Christopher Nolan is one of a handful of directors who can reasonably lay claim to the title of "greatest of his generation." Oppenheimer will do nothing to damage that claim, and plenty to advance it.
Everything about the film screams “epic.”
Let’s start with the cast – you’re doubtless already aware of the talent-heavy top-billed ensemble who have been doing the rounds promoting the film. Cillian Murphy as the titular J Robert Oppenheimer, the key scientist behind the first atomic bomb; Emily Blunt as his wife Kitty; Matt Damon and Robert Downey Jr as the military men overseeing the project; and Florence Pugh as Oppenheimer’s mistress Jean Tatlock.
Beyond this, though, every “minor” role seems to find another A-lister cropping up on screen. Kenneth Branagh, Rami Malek, Jack Quaid, Josh Hartnett, Olivia Thirlby and Tom Conti are just some of the big names taking on roles that, under another director, would likely be cast from unknowns grateful of a half-day on set.
Gary Oldman pops up for what he modestly described to Deadline as "one scene, a page and a half" as President Harry Truman, but which feels like an Oscar-winning turn in the hands of such a talented director.
Nolan is a man of such attention to detail that even his own eldest daughter, Flora, makes a brief appearance in a harrowing apocalyptic scene. Nolan’s explanation? “The point is that if you create the ultimate destructive power, it will also destroy those who are near and dear to you."
There are plenty of other flags that we’re dealing with “serious” fare here, rather than the bubble gum offerings of the global box office’s other big release this weekend, Barbie (out in the UAE on August 31).
The frequent use of black and white for the scenes of the US establishment’s attempts to discredit the physicist due to his post-war pacifism and left-leaning politics are a solid reminder that this is “art,” as is the film’s three-hour runtime.
That hefty length is perhaps as useful a viewpoint from which to judge Oppenheimer’s merit as any. Even as someone who literally watches films for a living, any requirement to spend upwards of around the 130-minute mark in a cinema seat sparks an internal debate as to whether it actually requires any longer than two hours to unfold. Oppenheimer passes the two-hour test with flying colours, and the chunky 180 minutes went by in a flash, pardon the questionable atomic pun.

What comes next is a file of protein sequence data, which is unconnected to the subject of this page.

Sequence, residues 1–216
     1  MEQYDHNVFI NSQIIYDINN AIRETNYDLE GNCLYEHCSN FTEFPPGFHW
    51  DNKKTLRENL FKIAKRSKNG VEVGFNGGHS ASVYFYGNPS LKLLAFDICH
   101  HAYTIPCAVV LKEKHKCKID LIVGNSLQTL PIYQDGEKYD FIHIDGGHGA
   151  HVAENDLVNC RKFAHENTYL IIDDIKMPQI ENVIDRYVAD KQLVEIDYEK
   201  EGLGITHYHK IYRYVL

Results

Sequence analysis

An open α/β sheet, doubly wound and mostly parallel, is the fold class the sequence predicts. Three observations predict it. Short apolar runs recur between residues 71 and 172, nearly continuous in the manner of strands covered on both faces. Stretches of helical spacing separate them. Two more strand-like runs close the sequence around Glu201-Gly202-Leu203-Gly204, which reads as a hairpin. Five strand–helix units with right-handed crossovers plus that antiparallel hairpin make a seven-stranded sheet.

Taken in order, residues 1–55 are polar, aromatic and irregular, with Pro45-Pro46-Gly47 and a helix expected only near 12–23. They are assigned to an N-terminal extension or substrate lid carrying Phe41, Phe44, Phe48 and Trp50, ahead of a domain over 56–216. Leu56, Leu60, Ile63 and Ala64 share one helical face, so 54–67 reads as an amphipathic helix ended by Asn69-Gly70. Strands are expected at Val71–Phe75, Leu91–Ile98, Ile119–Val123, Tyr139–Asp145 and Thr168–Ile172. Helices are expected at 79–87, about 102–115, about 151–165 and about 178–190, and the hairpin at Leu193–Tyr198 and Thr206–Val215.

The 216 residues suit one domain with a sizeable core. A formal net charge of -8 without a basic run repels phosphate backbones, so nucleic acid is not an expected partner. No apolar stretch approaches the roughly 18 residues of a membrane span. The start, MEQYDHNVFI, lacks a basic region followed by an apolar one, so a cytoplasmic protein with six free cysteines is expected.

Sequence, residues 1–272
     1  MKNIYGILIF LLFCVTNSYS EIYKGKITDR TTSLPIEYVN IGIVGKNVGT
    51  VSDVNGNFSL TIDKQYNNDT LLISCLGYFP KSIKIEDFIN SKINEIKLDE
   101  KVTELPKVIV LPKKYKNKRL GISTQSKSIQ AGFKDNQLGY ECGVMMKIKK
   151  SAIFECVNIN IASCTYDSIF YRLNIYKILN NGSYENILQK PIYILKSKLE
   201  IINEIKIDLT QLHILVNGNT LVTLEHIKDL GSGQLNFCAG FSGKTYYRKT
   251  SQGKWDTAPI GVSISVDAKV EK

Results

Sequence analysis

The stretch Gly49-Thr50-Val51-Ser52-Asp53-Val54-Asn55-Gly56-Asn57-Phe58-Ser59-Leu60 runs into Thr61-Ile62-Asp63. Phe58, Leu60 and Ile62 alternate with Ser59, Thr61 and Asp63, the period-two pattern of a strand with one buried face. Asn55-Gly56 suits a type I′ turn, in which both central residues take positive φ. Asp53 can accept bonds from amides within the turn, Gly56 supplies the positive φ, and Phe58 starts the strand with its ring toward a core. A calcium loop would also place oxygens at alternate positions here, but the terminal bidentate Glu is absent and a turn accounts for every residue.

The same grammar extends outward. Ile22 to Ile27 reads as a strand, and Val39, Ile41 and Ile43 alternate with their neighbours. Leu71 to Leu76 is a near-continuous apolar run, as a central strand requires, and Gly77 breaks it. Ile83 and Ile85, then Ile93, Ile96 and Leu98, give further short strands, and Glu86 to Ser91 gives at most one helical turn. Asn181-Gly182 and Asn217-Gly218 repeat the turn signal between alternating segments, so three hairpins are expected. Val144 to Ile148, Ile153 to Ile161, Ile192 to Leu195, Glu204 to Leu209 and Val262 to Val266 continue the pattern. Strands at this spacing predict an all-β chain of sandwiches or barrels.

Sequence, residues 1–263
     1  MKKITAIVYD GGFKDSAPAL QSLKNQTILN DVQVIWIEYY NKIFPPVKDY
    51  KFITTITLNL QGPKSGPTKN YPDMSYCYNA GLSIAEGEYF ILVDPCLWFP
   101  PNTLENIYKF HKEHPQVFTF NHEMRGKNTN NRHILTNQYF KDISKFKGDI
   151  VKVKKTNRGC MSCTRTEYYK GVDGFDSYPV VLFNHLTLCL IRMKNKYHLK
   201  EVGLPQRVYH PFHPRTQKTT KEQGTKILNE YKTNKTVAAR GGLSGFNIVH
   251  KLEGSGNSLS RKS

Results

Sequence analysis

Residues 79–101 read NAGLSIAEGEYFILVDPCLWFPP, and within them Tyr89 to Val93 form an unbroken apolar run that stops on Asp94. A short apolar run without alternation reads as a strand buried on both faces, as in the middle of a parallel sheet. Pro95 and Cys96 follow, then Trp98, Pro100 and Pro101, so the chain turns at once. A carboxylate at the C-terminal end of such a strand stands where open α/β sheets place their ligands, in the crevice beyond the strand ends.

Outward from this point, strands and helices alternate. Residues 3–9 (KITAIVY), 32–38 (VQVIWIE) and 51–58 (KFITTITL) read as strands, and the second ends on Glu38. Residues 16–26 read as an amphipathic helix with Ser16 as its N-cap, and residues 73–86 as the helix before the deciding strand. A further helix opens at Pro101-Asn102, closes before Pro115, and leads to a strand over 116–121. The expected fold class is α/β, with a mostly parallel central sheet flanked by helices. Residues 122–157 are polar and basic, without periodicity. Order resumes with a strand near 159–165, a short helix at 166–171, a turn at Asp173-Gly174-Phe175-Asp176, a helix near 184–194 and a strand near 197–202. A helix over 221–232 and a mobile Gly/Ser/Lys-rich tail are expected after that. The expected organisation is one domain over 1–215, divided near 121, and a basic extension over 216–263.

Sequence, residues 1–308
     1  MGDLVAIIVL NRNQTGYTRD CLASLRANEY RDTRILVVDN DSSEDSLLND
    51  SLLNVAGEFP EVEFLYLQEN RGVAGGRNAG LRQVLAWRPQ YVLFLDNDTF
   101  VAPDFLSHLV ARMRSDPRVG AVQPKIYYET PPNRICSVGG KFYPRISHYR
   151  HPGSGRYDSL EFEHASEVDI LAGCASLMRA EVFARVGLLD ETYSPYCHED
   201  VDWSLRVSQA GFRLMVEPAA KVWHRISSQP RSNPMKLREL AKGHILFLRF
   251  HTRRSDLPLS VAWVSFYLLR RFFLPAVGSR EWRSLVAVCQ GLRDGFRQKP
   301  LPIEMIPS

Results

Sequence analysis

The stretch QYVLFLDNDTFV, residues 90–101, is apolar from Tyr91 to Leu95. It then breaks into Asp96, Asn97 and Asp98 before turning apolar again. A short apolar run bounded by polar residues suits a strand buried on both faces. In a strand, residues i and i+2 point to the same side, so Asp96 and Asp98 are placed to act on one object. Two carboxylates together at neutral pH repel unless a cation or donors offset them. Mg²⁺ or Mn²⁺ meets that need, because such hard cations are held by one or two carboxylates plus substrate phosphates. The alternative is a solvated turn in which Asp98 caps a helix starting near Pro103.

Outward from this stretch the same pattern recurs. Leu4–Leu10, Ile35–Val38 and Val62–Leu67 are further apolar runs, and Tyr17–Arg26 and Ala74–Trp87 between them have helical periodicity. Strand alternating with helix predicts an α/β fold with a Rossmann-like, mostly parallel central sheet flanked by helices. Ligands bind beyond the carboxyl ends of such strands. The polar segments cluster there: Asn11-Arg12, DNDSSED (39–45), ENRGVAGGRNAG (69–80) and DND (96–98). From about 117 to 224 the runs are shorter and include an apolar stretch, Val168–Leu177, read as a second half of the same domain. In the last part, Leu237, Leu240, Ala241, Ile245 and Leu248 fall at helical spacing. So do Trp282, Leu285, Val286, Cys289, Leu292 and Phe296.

Part courtroom procedural, part history lesson in the development of humanity's most terrifying creation, part primer in the basics of theoretical physics, part romantic drama following the philandering of a flawed scientific genius with a touch of the Don Juan, and even home to some almighty explosions that would put your typical summer blockbuster to shame – there’s an awful lot to unpack here, and Nolan does so expertly.
It’s testament to the filmmaker’s skill that, whether he’s telling the story of a fictional, caped billionaire keeping crime off the streets of Gotham or one of the 20th century’s most significant, yet least celebrated, scientists, Nolan is able to get right under the skin of his subjects and make the audience feel like we’ve known the characters all our lives.
This applies not only to Murphy’s Oppenheimer, but Blunt’s put-upon wife, Pugh’s libertine mistress, Damon’s grudgingly admiring military master and Downey Jr’s scheming naval officer turned would-be politician too. By the end of the film we know every one of these characters, their hopes, dreams and motivations, as if they were our best friend – or worst enemy, in certain cases.
Ever since Nolan’s 2000 breakout Memento, it’s become almost compulsory for the conversation to turn to Oscars each time the director releases a new film. Thus far in his career, although his films have racked up plenty of wins, Nolan himself has been restricted to five unsuccessful writer/director nominations.
Oppenheimer could well be the film that finally changes that.